I am writing in my capacity as leader of the Ensembl project based at the European Molecular Biology Laboratory’s European Bioinformatics Institute (EMBL-EBI) based near Cambridge, England. Ensembl is one of the world’s leading sources of genome information and a central aggregation point for genomic data.

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Today the Wellcome Trust Sanger Institute and the European Bioinformatics Institute (EMBL-EBI) announced plans to reorganise the Ensembl project so that we can best leverage the strengths of Ensembl’s parent institutes to capitalise on emerging opportunities in genomics

From our users’ perspective, all existing Ensembl services including our genome browser, APIs and regular releases will continue as usual. Behind the scenes, the current Ensembl services will be consolidated at EMBL-EBI to help us strengthen the existing resources and facilitate closer links with UniProt, Ensembl Genomes and the Expression Atlas, which are all based at EMBL-EBI. Ensembl will also continue to be closely involved in the GENCODE project coordinated at Sanger.

New Ensembl activities that focus on novel methods for storing and representing human variation will be based at the Sanger Institute. These efforts will be aligned with the aims of the global alliance for the secure sharing of genomic and clinical data. As part of the reorganisation, Ensembl will also be connected more closely with the DECIPHER project. DECIPHER is an interactive, web-based service to support sharing of likely functional, rare clinical variation and engagement with the clinical community.  These connections will improve clinically relevant access to the rich genome annotations provided within Ensembl.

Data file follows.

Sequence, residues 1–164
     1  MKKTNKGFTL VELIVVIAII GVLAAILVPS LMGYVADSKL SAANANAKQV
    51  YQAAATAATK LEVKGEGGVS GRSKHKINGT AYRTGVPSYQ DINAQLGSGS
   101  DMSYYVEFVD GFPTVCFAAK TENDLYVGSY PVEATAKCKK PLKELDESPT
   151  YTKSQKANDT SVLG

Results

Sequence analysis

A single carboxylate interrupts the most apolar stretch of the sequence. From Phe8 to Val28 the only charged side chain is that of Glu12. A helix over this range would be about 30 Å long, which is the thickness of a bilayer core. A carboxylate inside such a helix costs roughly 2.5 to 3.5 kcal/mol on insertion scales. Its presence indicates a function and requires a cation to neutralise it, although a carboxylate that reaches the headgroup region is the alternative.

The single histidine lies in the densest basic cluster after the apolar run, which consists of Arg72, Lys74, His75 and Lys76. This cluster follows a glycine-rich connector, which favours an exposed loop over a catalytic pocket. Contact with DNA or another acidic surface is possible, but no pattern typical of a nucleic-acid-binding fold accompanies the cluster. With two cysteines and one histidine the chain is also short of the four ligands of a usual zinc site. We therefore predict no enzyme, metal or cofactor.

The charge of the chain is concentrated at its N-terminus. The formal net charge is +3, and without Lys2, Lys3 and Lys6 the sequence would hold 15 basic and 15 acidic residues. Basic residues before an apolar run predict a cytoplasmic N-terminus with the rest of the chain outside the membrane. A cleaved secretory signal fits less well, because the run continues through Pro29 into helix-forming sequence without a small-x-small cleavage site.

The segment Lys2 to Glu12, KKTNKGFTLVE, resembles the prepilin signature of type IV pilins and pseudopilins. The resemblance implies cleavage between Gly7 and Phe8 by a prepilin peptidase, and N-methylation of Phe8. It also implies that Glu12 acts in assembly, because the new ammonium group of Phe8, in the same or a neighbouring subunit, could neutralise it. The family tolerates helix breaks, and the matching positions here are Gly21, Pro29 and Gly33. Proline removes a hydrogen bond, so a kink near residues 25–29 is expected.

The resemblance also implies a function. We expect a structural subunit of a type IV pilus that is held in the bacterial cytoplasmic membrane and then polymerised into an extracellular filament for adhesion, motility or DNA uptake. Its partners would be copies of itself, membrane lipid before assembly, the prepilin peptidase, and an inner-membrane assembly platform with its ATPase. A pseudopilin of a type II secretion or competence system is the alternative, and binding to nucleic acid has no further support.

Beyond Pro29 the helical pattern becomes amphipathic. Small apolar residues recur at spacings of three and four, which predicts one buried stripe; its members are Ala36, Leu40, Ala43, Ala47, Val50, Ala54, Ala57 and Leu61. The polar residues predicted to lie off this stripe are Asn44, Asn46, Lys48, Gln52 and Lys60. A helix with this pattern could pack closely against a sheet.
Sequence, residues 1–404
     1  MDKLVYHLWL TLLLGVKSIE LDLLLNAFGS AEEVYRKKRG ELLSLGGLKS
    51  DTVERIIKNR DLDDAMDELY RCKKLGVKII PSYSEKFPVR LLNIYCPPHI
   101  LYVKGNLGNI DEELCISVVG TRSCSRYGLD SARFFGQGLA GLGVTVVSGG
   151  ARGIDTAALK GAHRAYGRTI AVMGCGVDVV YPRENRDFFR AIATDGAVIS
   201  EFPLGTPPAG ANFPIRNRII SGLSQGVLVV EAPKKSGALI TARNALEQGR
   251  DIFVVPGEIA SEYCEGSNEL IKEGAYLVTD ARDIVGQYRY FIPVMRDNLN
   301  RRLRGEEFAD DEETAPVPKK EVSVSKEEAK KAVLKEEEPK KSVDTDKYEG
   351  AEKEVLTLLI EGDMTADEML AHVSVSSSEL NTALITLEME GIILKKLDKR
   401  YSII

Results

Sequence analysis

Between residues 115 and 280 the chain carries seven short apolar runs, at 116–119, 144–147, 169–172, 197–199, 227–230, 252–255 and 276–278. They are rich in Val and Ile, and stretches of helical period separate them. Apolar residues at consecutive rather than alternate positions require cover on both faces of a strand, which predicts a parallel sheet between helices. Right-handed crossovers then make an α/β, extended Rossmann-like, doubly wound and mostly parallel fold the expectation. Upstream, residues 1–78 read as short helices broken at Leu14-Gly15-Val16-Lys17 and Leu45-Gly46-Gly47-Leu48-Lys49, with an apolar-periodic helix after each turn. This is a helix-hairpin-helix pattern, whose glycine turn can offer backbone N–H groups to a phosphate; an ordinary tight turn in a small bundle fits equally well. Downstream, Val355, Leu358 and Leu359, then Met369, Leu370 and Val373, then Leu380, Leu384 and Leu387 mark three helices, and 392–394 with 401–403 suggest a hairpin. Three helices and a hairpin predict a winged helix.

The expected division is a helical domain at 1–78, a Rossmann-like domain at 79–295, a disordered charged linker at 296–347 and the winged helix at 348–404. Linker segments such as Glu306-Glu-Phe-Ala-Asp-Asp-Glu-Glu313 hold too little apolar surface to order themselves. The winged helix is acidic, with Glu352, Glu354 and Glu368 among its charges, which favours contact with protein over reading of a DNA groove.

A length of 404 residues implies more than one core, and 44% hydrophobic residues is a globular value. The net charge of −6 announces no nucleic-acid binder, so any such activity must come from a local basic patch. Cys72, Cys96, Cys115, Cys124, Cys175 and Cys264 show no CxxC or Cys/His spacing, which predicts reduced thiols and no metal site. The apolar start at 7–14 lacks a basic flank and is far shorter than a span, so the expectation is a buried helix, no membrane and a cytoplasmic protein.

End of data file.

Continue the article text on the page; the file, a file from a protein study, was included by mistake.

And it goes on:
This is an extraordinary time for genomics. Ensembl has supported and contributed to the dramatic advances in genomics over almost 15 years and we are excited about what the future holds.

In collaboration with the Neandertal Genome Project, we have created an Ensembl-style browser of the Neandertal data available at http://projects.ensembl.org/neandertal. A draft sequence of the Neandertal genome was published in the May 7 issue of Science.

The Neandertal browser includes the ability to visualise the Neandertal data using the new Resembl code developed in collaboration with Illumina. The Resembl code will be introduced in the 1000 Genomes browser later this month and in Ensembl over the summer.

Data include:
– Neandertal sequencing reads from all 6 Neandertal fossils